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A massive water main break has forced the closure of Connecticut Avenue in Washington, D.C., and imposed mandatory water restrictions on Washington Suburban Sanitary Commission customers in two counties.
The break is expected to affect the morning commute, as a hoped-for 6 a.m. reopening of Connecticut Avenue was called off around 5:20 a.m.
Drivers are not able to get between D.C. and the Beltway using Connecticut Avenue, which is closed in both directions between Manor Road and Dunlap Street. That closure will continue indefinitely, WSSC said.
The main broke around 8 p.m. Monday at Chevy Chase Lake Drive, where water gushed several stories high from the 54-inch water main.
The break caused a power line to fall, but no customers have lost power. Natural gas and electric lines run along the water main, so crews from Washington Gas and PEPCO had to secure those lines before work on the water main could begin, said WSSC.
Crews had a scare shortly before 5:20 a.m. when a tree came down at the scene due to the saturated ground.
The tree brought down some additional power lines, which dashed hopes for a 6 a.m. road opening. Pepco is headed to the scene.
Another tree is also threatening to topple, said WSSC.
Water restrictions in Maryland
While there are no water reported water outages, all WSSC customers in Prince George's and Montgomery counties are required to restrict usage until repairs are complete.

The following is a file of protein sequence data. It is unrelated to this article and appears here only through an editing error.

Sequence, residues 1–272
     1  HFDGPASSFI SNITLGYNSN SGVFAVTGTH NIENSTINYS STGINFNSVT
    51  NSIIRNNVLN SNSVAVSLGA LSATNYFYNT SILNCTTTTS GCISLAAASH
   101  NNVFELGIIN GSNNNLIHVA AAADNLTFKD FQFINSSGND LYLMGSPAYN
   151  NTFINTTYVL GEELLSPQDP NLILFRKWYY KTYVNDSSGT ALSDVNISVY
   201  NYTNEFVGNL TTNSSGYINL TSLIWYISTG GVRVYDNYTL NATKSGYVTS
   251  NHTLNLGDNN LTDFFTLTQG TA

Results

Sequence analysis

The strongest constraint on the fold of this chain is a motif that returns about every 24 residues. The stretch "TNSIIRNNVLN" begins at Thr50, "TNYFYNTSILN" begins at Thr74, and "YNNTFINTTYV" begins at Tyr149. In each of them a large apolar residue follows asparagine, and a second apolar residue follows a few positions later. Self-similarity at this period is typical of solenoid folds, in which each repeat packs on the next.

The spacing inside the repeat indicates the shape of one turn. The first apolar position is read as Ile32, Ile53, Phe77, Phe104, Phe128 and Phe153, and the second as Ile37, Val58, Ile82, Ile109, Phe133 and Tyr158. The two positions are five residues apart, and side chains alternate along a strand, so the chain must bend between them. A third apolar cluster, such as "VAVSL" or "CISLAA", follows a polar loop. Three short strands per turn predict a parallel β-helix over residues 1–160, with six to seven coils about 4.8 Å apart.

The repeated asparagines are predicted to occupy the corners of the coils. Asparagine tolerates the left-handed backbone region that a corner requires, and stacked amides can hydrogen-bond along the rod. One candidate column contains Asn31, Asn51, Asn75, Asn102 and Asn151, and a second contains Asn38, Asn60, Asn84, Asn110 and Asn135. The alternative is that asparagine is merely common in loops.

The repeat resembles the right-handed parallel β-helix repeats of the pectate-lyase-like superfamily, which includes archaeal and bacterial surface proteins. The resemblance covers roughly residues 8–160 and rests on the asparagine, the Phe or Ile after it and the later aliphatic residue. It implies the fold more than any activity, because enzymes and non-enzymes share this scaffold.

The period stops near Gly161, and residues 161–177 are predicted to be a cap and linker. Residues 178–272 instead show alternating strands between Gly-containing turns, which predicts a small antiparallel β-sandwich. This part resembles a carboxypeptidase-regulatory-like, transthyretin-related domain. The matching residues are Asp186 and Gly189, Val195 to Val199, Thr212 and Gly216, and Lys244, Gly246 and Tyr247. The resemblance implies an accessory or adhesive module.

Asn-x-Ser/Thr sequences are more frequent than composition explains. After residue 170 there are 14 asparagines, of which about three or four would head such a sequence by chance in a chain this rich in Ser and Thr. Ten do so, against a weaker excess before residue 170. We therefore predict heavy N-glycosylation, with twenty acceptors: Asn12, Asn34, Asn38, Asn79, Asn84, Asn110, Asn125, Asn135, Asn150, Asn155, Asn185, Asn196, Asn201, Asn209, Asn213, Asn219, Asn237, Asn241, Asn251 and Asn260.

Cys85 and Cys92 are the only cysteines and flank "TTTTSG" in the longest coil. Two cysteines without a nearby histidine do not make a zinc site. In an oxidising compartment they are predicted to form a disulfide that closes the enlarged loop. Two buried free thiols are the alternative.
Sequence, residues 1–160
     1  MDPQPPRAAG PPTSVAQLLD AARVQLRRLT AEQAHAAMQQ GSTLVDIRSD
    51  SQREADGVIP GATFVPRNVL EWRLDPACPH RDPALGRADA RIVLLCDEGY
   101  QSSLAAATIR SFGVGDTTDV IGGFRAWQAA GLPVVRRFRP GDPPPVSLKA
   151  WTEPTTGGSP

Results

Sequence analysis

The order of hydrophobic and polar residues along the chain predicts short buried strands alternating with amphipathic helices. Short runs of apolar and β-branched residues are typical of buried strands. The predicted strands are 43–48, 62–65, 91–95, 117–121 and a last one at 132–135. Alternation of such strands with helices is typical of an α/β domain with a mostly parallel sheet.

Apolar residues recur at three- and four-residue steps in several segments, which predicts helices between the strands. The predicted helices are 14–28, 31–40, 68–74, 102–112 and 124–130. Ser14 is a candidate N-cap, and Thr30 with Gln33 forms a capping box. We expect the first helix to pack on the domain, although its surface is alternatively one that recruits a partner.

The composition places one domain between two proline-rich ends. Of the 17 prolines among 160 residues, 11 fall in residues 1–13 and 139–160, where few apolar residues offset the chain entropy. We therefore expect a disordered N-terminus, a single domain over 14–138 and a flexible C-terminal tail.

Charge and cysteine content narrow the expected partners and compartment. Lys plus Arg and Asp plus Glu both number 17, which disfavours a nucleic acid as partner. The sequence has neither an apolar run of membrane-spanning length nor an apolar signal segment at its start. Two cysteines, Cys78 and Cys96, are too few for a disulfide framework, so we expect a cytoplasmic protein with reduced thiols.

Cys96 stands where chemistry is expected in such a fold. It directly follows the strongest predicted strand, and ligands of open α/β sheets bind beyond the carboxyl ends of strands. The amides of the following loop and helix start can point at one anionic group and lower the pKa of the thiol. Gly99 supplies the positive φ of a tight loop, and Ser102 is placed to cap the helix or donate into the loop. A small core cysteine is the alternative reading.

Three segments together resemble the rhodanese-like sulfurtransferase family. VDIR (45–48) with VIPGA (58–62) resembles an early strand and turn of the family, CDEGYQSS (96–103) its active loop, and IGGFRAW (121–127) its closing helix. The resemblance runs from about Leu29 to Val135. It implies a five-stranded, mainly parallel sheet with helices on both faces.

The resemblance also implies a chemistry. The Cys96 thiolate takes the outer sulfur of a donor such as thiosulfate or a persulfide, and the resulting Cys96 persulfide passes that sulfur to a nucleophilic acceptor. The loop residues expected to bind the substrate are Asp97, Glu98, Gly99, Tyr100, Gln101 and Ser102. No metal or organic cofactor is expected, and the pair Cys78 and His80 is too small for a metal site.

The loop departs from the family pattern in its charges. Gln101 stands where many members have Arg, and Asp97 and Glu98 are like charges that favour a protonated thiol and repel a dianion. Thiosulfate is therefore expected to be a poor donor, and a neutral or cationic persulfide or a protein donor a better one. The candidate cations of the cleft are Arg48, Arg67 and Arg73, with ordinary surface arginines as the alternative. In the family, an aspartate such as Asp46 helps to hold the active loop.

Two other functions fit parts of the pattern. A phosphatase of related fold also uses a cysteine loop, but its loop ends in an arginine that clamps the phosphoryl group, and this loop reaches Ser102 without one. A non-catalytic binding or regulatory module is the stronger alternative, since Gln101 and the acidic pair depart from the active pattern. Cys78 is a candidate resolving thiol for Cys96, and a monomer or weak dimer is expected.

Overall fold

WSSC says all residential and commercial customers must:
Use water only as necessary -- i.e., take shorter showers and turn off faucets after washing hands and while brushing teeth.
Limit flushing toilets (do not flush after every use).
Put off washing clothes if possible.
Limit the use of dishwashers and wash only full loads.
The restrictions could last up to a week, WSSC said. A violation carries a fine of up to $500 fine.
WSSC said in a release it has been working with fire departments from both counties to ensure adequate fire protection.
"Please don't hoard water. We're not running out," said General Manager Jerry N. Johnson. "But if everyone can cut their water use by 10 percent, we should be OK. We appreciate everyone's understanding and cooperation."
Officials said the pipes are old -- circa 1980 -- but did not give a cause for the break.
There is no timeline for repairs, WSSC said.